Histories of Queer Cosmopolitanism

Cosmopolitan networks—the systems made by writers and translators, activists and martyrs across political and geographical borders—have recently come to the fore of humanities studies. This conference will examine how cases, methods, and archives of cosmopolitanism shift when studied through the prism of LGBTQ+ identity. In what ways, we ask, has queerness hindered, aided, or altered the formation of cosmopolitan networks? What are the differences between cosmopolitan networks, normative globalisms, and what Jack Halberstam has defined as ‘queer counterpublics’?  What constitutes an LGBTQ+ history, and when can we speak of a self-conscious queer historical practice? What are the benefits and drawbacks to using ‘queer’ to apply to periods that predate the term and its conceptual framework? What is the relationship between queer literature and queer history? Finally, we must ask how the resources available to scholars and organisers, students and activists preempt and inform the types of histories we tell. What role do University libraries and public collections play? What are the differences in how queer histories are told within and outside the academy?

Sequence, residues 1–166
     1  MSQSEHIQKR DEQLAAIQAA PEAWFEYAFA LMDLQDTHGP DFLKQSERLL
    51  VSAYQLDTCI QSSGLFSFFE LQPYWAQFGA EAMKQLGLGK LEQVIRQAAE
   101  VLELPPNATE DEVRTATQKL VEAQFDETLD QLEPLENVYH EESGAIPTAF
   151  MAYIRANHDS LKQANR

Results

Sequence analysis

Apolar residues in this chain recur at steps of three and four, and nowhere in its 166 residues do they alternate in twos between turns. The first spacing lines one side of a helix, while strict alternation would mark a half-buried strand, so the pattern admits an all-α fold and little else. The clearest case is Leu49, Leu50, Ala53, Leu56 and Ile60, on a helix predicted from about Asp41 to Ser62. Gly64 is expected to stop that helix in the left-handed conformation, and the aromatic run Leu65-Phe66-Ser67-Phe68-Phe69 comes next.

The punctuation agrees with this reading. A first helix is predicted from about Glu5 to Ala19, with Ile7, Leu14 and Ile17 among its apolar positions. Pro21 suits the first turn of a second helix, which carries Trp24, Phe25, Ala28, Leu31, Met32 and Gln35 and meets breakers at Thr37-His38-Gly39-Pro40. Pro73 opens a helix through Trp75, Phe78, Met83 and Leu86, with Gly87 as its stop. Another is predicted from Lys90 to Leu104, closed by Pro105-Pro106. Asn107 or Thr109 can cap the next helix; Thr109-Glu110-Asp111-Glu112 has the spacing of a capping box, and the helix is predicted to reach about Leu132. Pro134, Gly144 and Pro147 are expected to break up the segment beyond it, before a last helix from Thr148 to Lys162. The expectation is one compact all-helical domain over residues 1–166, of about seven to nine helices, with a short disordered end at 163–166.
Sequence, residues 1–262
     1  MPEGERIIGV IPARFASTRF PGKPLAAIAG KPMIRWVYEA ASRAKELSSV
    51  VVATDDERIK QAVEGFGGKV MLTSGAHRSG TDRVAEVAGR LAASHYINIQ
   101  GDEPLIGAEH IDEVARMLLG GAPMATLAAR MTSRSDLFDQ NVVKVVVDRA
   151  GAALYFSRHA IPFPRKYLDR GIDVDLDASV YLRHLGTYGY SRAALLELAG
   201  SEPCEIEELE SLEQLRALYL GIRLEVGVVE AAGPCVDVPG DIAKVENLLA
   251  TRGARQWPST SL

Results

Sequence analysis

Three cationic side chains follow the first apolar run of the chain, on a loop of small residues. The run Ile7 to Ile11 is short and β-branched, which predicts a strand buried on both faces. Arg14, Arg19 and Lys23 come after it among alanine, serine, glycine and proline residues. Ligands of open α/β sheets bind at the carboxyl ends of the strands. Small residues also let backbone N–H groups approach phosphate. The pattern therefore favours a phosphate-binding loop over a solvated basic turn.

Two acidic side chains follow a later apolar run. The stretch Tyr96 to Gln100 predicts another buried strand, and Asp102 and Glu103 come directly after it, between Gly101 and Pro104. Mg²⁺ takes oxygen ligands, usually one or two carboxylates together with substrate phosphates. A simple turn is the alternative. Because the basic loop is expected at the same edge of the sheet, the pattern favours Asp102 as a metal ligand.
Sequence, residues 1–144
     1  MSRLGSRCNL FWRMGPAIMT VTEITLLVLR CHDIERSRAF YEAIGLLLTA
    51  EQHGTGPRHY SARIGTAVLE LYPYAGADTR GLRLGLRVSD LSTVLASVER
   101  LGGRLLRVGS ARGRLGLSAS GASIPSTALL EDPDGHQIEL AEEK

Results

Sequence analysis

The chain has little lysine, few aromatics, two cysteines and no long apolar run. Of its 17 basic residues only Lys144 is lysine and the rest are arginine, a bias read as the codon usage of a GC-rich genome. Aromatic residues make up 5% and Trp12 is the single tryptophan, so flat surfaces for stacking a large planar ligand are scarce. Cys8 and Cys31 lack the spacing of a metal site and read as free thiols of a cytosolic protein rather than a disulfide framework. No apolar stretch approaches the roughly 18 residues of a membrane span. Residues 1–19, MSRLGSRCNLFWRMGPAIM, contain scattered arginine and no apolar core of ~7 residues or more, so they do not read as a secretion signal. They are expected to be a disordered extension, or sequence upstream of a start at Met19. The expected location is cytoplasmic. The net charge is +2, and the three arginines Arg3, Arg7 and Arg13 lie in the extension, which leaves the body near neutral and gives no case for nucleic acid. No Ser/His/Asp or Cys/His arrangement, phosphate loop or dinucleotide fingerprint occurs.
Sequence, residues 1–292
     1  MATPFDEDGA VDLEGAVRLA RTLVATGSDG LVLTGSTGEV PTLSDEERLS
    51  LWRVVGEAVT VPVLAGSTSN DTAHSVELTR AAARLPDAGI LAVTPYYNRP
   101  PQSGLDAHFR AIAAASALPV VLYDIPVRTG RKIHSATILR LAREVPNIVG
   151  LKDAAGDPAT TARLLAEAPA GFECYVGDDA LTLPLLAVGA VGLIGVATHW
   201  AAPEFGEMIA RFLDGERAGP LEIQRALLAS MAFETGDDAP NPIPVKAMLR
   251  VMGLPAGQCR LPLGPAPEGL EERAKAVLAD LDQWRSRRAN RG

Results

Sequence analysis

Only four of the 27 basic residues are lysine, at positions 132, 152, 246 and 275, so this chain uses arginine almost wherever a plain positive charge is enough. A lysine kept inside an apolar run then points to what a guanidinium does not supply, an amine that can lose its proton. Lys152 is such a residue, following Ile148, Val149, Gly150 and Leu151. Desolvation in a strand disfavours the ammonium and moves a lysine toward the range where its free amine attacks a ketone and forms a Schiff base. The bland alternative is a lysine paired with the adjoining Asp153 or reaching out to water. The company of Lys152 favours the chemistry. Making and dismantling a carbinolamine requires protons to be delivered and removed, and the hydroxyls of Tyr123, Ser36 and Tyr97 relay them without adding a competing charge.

To address these questions, the conference will take an inter-disciplinary approach, bringing together scholars of literature, gender studies, and history with archivists, public historians, and rare book collectors who specialise in LGBTQ+ materials. Participants include: Fraser Riddell, English Departmental Lecturer at Oxford; Philip Schofield, Professor of Political Thought at UCL and supervisor for the Bentham Project; Stefan Dickers, Special Collections and Archives Manager at the Bishopsgate Institute; Stuart Frost, Head of Interpretation and Volunteers at the British Museum; and Gerard Koskovich, a public historian, rare books dealer, and one of the founders of the GLBT Historical Society in San Francisco. 

The programme is available.